Top List: DNA Barcoding: Fighting Fish Fraud

08 Oct 2014

Food fraud is serious global issue that threatens public health and fuels organized crime. But how can you know if what you’re eating has been labeled correctly? One growing area of food fraud is fish fraud – labeling and selling a cheap species of fish as a more expensive species. Science has played a crucial role in protecting and regulating food safety, and the ability to determine a species of fish in a quick and efficient method is invaluable to the food industry. We spoke with Marelize Cruywagen, Support and Development Manager at Kapa Biosystems, about the use of DNA barcoding in order to determine if a fish sample has been adulterated and mislabeled.




What is DNA barcoding?

"DNA barcoding is a method for species identification and involves DNA extraction, followed by PCR and sequencing to determine the genetic sequence of a specific region. Like product barcodes in a grocery store, DNA barcoding uses a short genetic sequence from a standard part of the genome to identify a particular species. The standard part of the genome that is used for DNA barcoding of almost all animal groups is a 648 bp region of the mitochondrial cytochrome c oxidase I gene (COI). The order in which the four DNA bases, A, C, G, and T, are arranged in this 648 bp section is unique for each species, and this allows identification."







Fish mislabeling

"An Oceana study in 2013 of fish sold in restaurants and supermarkets across the USA revealed that a third of the fish samples that were collected had been mislabeled. As awareness among consumers is increased, demand for correctly labeled seafood will increase, forcing retailers to comply. Similar studies have shown widespread fish fraud across the globe. Traditionally, phenotypical characteristics such as size, shape and other morphological features are used to identify species. However, this has immense limitations and is not a useful technique to investigate fish fraud. Now, DNA barcoding is the gold standard method for species identification.

A database of barcodes is necessary to enable researchers to match the barcode of the species under investigation to a known reference. As of May 2014, out of a target of 32,257 species, 10,267 species of fish have already been barcoded1. This is a global undertaking, with scientists all over the world working together to build up the database of barcodes."







How can Kapa Biosystems help?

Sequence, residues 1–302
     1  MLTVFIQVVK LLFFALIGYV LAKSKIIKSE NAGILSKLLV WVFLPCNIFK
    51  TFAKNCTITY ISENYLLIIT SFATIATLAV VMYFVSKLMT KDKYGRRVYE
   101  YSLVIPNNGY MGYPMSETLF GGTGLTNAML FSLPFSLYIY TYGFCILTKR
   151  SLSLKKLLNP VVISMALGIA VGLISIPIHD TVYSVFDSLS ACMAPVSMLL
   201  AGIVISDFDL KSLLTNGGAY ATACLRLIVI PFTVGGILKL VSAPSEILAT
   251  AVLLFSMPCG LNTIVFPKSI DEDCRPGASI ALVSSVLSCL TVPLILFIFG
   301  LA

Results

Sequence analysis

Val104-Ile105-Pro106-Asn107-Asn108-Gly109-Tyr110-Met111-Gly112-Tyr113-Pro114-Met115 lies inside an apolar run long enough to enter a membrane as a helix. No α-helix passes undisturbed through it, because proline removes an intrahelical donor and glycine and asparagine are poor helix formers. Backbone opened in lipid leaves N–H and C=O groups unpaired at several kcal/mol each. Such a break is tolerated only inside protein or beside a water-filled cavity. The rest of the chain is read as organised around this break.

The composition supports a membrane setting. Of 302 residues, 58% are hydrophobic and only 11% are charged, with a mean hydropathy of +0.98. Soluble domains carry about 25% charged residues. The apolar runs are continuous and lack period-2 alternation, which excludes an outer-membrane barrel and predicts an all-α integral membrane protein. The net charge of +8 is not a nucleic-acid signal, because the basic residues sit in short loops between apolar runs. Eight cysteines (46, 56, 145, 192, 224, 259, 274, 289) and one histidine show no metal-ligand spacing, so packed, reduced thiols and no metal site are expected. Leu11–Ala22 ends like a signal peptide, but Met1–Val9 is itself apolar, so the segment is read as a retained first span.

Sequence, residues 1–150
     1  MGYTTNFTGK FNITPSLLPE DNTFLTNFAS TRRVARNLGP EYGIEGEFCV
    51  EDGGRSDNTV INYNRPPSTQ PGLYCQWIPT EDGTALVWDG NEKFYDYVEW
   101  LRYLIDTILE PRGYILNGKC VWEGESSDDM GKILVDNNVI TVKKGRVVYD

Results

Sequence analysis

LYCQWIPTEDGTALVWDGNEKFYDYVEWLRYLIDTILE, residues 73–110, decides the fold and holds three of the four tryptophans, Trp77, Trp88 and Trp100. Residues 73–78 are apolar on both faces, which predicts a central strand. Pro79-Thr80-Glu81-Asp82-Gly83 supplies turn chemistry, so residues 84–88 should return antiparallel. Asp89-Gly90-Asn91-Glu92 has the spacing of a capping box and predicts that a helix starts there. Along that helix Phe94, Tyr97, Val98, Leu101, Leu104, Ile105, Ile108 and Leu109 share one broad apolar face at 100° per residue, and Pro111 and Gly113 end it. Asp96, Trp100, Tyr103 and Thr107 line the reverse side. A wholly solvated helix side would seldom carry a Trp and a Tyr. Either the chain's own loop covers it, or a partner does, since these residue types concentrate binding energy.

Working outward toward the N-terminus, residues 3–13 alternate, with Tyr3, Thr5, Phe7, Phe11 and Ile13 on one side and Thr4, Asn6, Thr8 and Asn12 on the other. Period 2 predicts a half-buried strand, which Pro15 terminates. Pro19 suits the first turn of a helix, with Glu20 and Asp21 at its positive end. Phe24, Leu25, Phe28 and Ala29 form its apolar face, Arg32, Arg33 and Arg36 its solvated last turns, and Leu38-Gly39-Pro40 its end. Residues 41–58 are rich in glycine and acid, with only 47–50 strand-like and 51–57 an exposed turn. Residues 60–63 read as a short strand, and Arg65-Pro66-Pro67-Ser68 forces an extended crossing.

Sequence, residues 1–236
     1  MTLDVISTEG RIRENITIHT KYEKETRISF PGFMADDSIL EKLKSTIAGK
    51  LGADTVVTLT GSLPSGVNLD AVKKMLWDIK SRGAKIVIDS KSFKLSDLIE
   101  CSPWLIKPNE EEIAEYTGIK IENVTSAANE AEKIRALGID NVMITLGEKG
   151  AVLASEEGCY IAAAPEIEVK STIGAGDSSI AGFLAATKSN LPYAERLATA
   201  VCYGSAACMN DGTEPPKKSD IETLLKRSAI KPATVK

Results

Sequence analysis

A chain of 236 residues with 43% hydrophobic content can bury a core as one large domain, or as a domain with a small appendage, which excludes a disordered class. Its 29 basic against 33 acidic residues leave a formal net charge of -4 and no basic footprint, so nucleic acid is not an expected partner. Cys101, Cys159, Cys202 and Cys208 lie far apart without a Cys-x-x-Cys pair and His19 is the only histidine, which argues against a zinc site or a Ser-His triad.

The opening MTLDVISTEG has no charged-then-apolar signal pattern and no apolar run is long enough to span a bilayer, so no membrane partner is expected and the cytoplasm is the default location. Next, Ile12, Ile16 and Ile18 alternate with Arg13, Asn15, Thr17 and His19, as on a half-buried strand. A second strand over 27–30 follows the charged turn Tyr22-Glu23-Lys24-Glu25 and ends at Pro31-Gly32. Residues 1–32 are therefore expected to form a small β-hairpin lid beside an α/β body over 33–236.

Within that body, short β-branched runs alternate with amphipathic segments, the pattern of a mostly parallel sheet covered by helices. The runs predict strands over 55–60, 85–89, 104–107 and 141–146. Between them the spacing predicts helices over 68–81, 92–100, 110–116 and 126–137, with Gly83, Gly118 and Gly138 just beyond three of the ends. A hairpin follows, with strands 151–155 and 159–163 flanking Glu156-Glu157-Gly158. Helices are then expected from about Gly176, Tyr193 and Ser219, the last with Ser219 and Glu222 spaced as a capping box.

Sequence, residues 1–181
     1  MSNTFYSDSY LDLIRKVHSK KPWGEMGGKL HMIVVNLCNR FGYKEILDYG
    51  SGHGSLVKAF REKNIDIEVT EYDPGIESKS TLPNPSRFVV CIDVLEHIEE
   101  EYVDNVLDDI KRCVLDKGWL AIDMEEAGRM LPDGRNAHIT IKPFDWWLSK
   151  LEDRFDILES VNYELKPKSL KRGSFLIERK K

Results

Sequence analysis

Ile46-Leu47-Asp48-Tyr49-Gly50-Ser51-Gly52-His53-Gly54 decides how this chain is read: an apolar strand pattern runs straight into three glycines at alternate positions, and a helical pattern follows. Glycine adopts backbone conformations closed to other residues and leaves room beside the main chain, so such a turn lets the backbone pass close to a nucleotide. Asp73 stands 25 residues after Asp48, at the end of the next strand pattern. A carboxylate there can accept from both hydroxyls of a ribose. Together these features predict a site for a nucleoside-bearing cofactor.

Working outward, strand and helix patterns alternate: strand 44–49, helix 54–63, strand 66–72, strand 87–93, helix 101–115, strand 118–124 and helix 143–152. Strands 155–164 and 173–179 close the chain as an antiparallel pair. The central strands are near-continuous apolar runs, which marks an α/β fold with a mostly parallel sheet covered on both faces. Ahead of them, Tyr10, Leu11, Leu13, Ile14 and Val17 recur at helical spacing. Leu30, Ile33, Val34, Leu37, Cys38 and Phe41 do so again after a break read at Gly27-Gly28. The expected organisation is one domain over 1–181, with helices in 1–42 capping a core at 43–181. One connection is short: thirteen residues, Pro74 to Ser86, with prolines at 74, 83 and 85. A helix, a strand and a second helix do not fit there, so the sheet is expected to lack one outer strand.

"At Kapa Biosystems, we develop novel DNA polymerases with improved characteristics over their wild-type counterparts. As far as fish barcoding is concerned, our application note details the use of KAPA Express Extract and KAPA2G Robust HotStart ReadyMix, with standard protocols for fish DNA barcoding. The use of these Kapa Biosystems products eliminates time-consuming DNA purification, and also speeds up the PCR portion of the protocol, allowing researchers to obtain results faster.

KAPA Express Extract is a novel thermostable protease that allows DNA extraction from fish tissues, both fresh and processed, in as little as 15 minutes, without the need for dangerous chemicals typically used in DNA extraction.

KAPA2G Robust HotStart ReadyMix contains an evolved enzyme that has improved tolerance to common PCR inhibitors. The enzymes are evolved using the company’s proprietary directed evolution process, which tailors enzymes to suit specific application requirements. We are able to use this product with crude samples, such as samples processed with alkaline lysis or other rapid protocols for DNA extraction. In addition, KAPA2G Robust is a very sensitive enzyme, allowing even minute quantities of DNA to be amplified with sufficient yields for downstream sequencing. This enables the identification of more species, in less time, with fewer repeat experiments required."







What does the future hold for DNA barcoding?

"In the future, handheld and point-of-service devices for DNA barcoding are very plausible, though challenging, since the technique involves DNA extraction, PCR and sequencing. It is likely that the technique will remain in widespread use as a species identification tool. In addition, regulatory requirements may be introduced to help mandate the barcoding of fish to prevent fraud."

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